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Sealing earthen floors

Earthen or adobe floors, made of compressed dirt/sand/clay with a polished finish, are usually sealed using drying oils, which form a plastic-like seal that is washable. The most common oil cited in instructional books and articles is linseed oil. Of course, this oil isn’t available everywhere, and can be quite expensive.

Does anyone have any experience using other drying oils, with or without additives, to seal earthen floors?

The startup EarthEnable in Rwanda uses flaxseed oil but with a proprietary additive. Any ideas on what readily available additives could act as catalysts for drying oils?

Someone on this thread on Quora gives good details from Ghana, but still uses linseed oil as a base.

Some sources also cite the historical use of ox blood as a binder for floors, but it’s unclear whether this is in addition to, or as an alternative, to an oil or wax finish.

Other often-cited drying oils include tung, safflower, perilla, poppyseed, and walnut oils. Most of these are from temperate crops - are there any tropical oils that are known to be “drying” oils? Any chemists out there who can help me know what to look for in a potential oil? Do all oils high in polyunsatured fatty acids “dry” well? Sunflower oil, for example, is available here.

Any thoughts or experience appreciated!

Noah

I’ll be interested to follow this conversation, Noah. A quick review did not reveal formal study, but this may be helpful.

Evaluating oils for earth floors – The Sustainable Home

https://faculty.ucr.edu/~legneref/botany/oilwax.htm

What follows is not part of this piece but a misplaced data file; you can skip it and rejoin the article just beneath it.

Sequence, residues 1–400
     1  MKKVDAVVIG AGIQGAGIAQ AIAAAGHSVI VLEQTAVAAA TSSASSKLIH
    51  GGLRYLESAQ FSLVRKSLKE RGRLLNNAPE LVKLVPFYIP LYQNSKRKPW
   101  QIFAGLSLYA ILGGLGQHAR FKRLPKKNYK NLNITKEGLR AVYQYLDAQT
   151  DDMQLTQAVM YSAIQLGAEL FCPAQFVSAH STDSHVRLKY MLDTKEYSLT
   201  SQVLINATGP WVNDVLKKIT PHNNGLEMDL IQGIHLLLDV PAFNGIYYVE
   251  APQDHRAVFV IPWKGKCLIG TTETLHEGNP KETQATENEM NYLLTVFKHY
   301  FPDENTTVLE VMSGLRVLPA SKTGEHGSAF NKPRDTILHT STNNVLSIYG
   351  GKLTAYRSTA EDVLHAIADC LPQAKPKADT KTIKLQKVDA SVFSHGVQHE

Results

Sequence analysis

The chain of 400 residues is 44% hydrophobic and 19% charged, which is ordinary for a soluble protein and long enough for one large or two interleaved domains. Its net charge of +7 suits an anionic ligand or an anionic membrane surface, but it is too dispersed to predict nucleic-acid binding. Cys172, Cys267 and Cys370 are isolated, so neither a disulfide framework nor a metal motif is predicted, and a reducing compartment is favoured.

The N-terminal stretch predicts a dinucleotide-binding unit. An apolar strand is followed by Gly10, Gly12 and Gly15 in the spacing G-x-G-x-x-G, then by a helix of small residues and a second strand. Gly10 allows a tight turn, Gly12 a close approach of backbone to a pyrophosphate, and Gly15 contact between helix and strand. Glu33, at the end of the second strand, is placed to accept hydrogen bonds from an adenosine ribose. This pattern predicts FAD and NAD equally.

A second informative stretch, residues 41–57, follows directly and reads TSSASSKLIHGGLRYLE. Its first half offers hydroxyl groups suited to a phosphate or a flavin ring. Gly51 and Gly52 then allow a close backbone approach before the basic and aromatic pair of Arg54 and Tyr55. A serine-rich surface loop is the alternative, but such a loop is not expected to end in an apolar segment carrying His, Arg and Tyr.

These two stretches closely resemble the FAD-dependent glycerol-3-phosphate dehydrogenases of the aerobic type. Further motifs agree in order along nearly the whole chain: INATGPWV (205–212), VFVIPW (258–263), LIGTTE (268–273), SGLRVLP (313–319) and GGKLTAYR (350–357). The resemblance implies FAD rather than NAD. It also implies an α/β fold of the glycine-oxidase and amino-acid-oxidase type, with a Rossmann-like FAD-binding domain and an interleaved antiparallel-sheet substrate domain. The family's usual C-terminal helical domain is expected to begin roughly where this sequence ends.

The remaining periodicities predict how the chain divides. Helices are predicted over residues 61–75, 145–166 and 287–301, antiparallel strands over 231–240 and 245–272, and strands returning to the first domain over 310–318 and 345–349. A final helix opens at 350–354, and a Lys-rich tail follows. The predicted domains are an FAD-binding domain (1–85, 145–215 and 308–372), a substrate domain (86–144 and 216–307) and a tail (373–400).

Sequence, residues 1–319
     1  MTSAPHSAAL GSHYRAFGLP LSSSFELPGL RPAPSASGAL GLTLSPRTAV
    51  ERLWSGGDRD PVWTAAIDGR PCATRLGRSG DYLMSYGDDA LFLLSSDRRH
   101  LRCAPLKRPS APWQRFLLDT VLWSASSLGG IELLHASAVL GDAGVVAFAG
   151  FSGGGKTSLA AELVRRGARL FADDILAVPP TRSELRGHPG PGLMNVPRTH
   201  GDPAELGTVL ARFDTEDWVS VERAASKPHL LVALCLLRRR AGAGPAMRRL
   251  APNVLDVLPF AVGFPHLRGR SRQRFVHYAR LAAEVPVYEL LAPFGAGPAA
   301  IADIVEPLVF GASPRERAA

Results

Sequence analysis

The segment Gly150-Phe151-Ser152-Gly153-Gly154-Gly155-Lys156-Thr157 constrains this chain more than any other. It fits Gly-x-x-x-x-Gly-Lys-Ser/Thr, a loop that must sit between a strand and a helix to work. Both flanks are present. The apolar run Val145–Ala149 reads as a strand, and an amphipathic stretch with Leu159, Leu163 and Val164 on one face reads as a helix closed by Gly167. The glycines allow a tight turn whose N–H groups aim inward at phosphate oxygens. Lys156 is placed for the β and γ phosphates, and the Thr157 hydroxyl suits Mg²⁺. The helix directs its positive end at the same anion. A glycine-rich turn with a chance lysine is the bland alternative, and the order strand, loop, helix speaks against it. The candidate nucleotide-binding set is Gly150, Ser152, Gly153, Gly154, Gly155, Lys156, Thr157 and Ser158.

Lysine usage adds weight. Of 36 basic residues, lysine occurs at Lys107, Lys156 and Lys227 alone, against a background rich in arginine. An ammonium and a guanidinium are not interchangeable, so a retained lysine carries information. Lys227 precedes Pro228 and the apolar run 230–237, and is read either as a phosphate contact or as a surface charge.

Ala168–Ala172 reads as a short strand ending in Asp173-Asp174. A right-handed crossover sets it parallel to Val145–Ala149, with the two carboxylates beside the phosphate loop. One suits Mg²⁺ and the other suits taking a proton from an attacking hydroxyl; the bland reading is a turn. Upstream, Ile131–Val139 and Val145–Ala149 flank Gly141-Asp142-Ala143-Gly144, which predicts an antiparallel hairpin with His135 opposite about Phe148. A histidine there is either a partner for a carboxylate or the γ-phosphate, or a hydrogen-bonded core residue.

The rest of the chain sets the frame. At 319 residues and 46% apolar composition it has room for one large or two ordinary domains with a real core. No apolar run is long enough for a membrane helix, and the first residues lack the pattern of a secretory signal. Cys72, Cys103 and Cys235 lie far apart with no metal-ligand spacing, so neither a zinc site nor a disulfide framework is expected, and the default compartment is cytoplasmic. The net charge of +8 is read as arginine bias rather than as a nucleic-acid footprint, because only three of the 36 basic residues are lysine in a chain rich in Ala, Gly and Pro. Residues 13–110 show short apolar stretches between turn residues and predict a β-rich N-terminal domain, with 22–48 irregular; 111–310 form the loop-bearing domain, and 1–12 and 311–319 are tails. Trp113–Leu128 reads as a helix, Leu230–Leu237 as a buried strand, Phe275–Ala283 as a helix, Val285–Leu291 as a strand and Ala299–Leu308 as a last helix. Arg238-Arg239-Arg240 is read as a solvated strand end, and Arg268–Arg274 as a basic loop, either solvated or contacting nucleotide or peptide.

“… The drying oils can absorb oxygen and on exposure dry into thin elastic films. These oils are importance in the paint and varnish industries… Drying and semidrying oils are more common in plants of temperate climates, while nondrying oils and fats predominate in plants of tropical areas…”

Drying Oils

“Niger Seed Oil
This oil is pale yellow and comes from the seeds of Guizotia abyssinica, an annual plant in tropical Africa. It is cultivated in India, Africa, Germany and the West Indies. Higher grades have a pleasant aromatic odor and are used for food, while poorer grades are made into soak or serve as illuminants. There has never been a widespread use of this oil in the Western Hemisphere…”

looks like your best option.

Hemp seed oil might be another possibility.

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Hey Noah!

Good question. I don’t have a lot of experience with this, but check out this article by Practical Action. They have some suggestions of oils you may be able to find/make locally. Additives to Clay - Organic - Practical Answers